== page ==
Groundball to flyball ratio. The higher the number, the more likely a pitcher is to induce groundballs.
  • Left On Base
    The percentage of base runners that a pitcher strands on base over the course of a season.
  • Exit Velocity
    The speed of the baseball as it comes off the bat, immediately after a batter makes contact.
  • Barrels/BBE
    The percentage of batted ball events resulting in a Barrel. A Barrel is a batted ball with similar exit velocity and launch angle to past ones that led to a minimum .500 batting average and 1.500 slugging percentage.
  • Spin Rate
    Spin Rate is the rate of spin on a baseball after it is released. It is measured in revolutions per minute (rpm).
  • Balls Hit 95+ MPH
    The percentage of batted balls hit that met or exceeded the 95 MPH threshold.
  • Swinging Strike
    The percentage of pitches that result in a swing and a miss.
K/BB
1.38
 
K/9
4.2
 
BB/9
3.0
 
HR/9
2.7
 
Fastball
87.4 mph
 
ERA
6.85
 
WHIP
1.31
 
BABIP
.223
 
GB/FB
0.33
 
Left On Base
56.6%
 
Exit Velocity
86.9 mph
 
Barrels/BBE
10.8%
 
Spin Rate
2196 rpm
 
Balls Hit 95+ MPH
29.2%
 
Swinging Strike
7.6%
 
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Past Fantasy Outlooks
2018
2017
2016
2015
2014
2013
2012
2010
2009
Regression doesn’t punch a time clock. Sometimes it takes weeks, sometimes months, and occasionally it waits years to rear its ugly head. For the past few seasons, Estrada has registered a BABIP well below league average, even accounting for his flyball tendencies. The highest BABIP he sported from 2013-2016 was .262. The party line was Estrada induces weak contact. Perhaps he lost that skill in 2017, or perhaps Lady Luck caught up. Regardless, a .295 BABIP with a walk rate that increased for the fifth straight season resulted in a 1.38 WHIP, his highest since 2010. Sprinkle in a 1.50 HR/9 and Estrada’s 4.98 ERA was the highest since that same campaign. His repertoire, both in terms of velocity and pitch mix, didn’t change much, he just wasn’t as sharp. His strikeout rate dipped precipitously over the second half (to 18.1 percent). Now 34 years old, the righty is likely to rebound, but not to the level displayed his first two seasons in Toronto.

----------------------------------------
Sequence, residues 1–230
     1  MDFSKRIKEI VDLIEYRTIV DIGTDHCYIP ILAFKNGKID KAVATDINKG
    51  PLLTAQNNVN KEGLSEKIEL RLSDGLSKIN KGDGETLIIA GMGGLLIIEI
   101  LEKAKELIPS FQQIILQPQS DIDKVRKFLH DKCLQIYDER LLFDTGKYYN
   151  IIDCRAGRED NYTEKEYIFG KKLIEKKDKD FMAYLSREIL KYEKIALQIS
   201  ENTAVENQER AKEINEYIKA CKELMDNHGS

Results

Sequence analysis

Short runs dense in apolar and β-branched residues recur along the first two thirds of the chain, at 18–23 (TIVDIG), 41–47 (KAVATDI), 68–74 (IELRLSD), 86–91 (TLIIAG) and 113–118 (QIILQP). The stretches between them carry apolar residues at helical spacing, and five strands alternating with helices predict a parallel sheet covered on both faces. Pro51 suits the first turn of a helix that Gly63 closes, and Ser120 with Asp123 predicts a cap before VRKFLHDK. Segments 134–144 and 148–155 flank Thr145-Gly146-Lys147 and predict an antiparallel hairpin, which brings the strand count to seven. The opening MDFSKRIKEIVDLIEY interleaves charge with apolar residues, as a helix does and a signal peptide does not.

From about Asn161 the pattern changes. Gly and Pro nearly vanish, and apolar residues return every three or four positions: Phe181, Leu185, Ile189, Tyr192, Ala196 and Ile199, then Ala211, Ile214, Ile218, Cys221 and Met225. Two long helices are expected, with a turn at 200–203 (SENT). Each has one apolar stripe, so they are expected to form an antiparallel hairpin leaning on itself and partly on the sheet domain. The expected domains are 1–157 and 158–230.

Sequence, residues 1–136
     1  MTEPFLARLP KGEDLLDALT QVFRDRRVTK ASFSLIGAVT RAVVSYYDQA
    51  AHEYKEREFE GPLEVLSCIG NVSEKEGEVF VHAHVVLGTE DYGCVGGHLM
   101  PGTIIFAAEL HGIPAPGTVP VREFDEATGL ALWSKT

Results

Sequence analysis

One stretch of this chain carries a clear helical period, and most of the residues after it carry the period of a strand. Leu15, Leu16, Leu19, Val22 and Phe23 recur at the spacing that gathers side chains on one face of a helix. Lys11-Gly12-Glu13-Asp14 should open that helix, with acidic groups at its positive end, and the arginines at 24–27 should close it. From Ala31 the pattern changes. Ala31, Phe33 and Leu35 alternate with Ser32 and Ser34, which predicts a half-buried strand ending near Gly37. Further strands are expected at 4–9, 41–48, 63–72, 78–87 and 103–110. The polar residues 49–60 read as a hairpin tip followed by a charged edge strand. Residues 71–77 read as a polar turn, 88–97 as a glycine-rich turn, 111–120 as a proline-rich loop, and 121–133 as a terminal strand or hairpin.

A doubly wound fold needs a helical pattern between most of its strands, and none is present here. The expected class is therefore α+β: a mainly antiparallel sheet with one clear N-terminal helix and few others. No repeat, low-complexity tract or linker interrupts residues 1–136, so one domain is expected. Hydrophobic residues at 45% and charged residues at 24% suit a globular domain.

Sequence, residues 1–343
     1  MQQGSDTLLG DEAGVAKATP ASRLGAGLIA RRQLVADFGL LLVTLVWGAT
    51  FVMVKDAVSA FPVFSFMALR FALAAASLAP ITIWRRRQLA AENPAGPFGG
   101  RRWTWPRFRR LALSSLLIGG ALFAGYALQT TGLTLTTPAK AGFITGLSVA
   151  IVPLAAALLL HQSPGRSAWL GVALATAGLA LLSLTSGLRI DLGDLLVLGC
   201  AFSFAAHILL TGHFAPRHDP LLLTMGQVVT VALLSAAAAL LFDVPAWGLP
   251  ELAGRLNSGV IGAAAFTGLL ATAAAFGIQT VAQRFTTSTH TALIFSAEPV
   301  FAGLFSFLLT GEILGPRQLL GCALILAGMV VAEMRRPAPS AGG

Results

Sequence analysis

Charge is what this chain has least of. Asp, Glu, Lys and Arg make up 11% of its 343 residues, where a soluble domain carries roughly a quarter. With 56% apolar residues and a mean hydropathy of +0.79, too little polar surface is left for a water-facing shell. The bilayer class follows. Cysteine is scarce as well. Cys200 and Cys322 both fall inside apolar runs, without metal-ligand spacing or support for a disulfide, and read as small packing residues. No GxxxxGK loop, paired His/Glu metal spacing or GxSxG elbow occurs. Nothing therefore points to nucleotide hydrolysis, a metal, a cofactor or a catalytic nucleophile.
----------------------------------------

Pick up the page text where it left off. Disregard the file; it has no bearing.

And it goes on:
Estrada finished with strong ratios last season despite a back issue which lingered throughout much of the campaign and a lack of run support. The vaunted Jays' offense provided just 3.93 runs of support over Estrada's career-high 29 starts; 58th out of all 74 qualified starters in MLB. In 2016, Estrada's average fastball (88.1 mph) dipped more than a tick from his previous season, but he still managed a strong 8.4 K/9, his best mark since 2012 with Milwaukee. His 4.20 FIP suggests Estrada may have overachieved in the ratio categories, but he has outperformed his ERA indicators in each of the past three seasons and his low BABIPs have been supported by relatively high weak contact rates. Estrada's still a heavy flyball pitcher, though, and thus home runs remain an issue, and his walk rate last year was his highest since he became a full-time starter. But the sum of the parts is enough to allow Estrada to maintain above-average fantasy appeal.
Estrada was a home run machine moving from one already-hard ballpark to an even harder one in the toughest ballpark division of the more difficult league. How could this work? Well, a .216 BABIP and 79 percent strand rate helped. Just because those marks are primed for regression doesn't mean he didn't influence them. His career track record simply doesn't suggest that the same confluence of events will come together the same way in 2016. He succeeds with a rising fastball and plus changeup combo that induces loads of weak in-air contact, which drives his .261 career BABIP. The declining strikeout rate is a bummer from a fantasy standpoint, but it's never been his key to success. Since the start of 2012, his WHIP is 13th-best among 169 qualified starters, so he will supply value there. When factoring in an ERA rise, look more to his 2012-2013 for guidance (3.75) as opposed to 2014 (4.36).